“Anyone who does not love does not know God, because God is love.” (1 John 4:8, ESV)
I can still remember being a kid sitting in a wooden chair in Sunday school putting together a papercraft with the words, “God is Love” pasted across the bottom. In the midst of the broken crayons and chunks of dried glue, that simple phrase settled in my heart and mind.
When I got older, I would attend the church’s confirmation and youth group. It was through these experiences that I began to learn how much more complex the reality of one living and true God is.
“I believe,” the opening statement of the Apostles’ Creed says, “in God, the Father, the Almighty, creator of heaven and earth.”
“You’re blessed when you care. At the moment of being ‘care-full,’ you find yourselves cared for.” (Matthew 5:7, The Message)
My grandparents have always been formative to my faith. They would take in and care for sick friends, family, or church members. Meals would be prepared and made before being taken to someone who just got home from the hospital. They would regularly visit neighbors who were homebound. And it was no surprise to anyone when they invited someone who was not able to be with their family at Christmas to our family Christmas breakfast. And the list could easily go on.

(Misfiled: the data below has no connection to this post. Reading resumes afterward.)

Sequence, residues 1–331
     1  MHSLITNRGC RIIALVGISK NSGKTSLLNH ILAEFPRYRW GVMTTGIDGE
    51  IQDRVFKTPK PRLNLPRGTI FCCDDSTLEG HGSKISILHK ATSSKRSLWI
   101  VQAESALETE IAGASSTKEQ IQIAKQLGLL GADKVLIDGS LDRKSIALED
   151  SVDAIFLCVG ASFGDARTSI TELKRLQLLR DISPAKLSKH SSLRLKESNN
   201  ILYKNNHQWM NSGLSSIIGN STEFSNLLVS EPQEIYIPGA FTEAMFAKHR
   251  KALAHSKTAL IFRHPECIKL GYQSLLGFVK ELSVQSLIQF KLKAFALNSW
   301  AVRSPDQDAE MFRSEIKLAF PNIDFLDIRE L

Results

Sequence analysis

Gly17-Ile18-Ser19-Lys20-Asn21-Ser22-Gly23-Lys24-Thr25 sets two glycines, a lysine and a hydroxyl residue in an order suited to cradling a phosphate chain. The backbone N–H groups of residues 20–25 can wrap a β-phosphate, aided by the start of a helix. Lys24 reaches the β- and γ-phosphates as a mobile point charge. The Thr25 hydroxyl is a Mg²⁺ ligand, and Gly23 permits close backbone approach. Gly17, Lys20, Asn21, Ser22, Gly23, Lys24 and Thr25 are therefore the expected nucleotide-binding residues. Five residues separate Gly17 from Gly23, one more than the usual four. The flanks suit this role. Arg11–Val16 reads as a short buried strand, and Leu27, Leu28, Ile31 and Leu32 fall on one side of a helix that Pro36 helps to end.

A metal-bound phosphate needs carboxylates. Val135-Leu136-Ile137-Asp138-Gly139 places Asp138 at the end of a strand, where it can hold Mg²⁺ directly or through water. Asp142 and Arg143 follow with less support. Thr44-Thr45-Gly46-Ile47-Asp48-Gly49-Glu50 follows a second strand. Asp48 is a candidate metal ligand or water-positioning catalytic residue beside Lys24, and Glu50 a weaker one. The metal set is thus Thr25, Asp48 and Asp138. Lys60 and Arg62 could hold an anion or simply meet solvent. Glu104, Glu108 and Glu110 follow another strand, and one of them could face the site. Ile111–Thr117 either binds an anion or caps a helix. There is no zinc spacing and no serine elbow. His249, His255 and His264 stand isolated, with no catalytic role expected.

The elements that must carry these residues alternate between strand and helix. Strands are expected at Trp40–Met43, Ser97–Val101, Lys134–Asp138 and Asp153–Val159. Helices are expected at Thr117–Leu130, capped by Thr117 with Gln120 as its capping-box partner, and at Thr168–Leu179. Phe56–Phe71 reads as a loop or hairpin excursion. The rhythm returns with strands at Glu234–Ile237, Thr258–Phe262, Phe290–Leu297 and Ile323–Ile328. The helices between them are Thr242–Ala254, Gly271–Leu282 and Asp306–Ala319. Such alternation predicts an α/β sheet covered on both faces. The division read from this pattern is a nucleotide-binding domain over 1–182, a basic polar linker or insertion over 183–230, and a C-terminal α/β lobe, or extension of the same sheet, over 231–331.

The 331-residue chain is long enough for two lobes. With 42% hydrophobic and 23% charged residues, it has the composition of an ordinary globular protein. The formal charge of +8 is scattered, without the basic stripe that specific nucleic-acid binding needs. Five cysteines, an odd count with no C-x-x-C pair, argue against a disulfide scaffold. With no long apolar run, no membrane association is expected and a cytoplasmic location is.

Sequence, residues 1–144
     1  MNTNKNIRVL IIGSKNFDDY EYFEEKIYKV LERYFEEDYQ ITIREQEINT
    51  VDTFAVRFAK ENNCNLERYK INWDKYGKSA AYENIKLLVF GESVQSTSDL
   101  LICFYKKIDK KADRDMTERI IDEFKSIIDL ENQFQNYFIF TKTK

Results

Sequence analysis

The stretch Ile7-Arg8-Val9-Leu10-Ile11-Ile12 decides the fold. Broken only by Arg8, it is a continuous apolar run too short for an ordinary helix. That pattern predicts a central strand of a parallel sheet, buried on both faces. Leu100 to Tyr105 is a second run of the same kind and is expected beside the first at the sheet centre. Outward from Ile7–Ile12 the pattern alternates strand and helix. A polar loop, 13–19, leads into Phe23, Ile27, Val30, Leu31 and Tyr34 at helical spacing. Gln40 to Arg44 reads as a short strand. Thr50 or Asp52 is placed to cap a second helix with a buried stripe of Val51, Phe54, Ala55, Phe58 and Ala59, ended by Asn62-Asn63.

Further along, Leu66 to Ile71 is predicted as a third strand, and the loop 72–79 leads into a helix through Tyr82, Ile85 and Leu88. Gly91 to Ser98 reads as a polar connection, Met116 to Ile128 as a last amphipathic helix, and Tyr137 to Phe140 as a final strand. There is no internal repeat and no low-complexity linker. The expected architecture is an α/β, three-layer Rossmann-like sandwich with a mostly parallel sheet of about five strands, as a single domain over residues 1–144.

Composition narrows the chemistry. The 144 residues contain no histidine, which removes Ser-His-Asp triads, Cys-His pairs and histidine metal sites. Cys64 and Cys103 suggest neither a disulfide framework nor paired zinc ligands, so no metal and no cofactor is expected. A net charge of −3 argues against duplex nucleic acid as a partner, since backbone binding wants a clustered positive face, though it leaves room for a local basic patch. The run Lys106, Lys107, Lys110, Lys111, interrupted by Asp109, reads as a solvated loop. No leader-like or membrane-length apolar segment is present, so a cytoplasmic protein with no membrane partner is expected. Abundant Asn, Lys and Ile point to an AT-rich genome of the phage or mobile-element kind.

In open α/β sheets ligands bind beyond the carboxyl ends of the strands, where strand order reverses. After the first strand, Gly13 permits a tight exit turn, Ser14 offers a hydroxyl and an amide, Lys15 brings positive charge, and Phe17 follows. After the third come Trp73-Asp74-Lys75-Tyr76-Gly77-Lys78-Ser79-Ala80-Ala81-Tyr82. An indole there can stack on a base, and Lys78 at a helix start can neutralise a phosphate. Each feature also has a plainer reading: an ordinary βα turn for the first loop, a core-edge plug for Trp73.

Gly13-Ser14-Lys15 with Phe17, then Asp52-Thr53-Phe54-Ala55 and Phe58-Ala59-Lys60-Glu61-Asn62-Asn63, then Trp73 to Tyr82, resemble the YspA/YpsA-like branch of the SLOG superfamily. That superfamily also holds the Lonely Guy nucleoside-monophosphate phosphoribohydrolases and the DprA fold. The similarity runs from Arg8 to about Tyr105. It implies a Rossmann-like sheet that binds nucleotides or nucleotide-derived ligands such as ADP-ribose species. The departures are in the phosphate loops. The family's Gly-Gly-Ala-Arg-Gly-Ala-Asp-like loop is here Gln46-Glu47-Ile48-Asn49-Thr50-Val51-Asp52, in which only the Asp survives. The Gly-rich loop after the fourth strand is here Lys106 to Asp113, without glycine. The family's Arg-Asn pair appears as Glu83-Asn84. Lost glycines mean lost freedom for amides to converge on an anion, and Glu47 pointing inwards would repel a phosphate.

They have always been full of care for others.
“I am the Lord, and I do not change; and you, children of Jacob, have not perished.” (Malachi 3:6, Common English Bible)
From Dietrich Bonhoeffer‘s “The Coming of Jesus in Our Midst”:
We have become so accustomed to the idea of divine love and of God’s coming at Christmas that we no longer feel the shiver of fear that God’s coming should arouse in us. We are indifferent to the message, taking only the pleasant and agreeable out of it and forgetting the serious aspect, that the God of the world draws near to the people of our little earth and lays claim to us.
God does not change.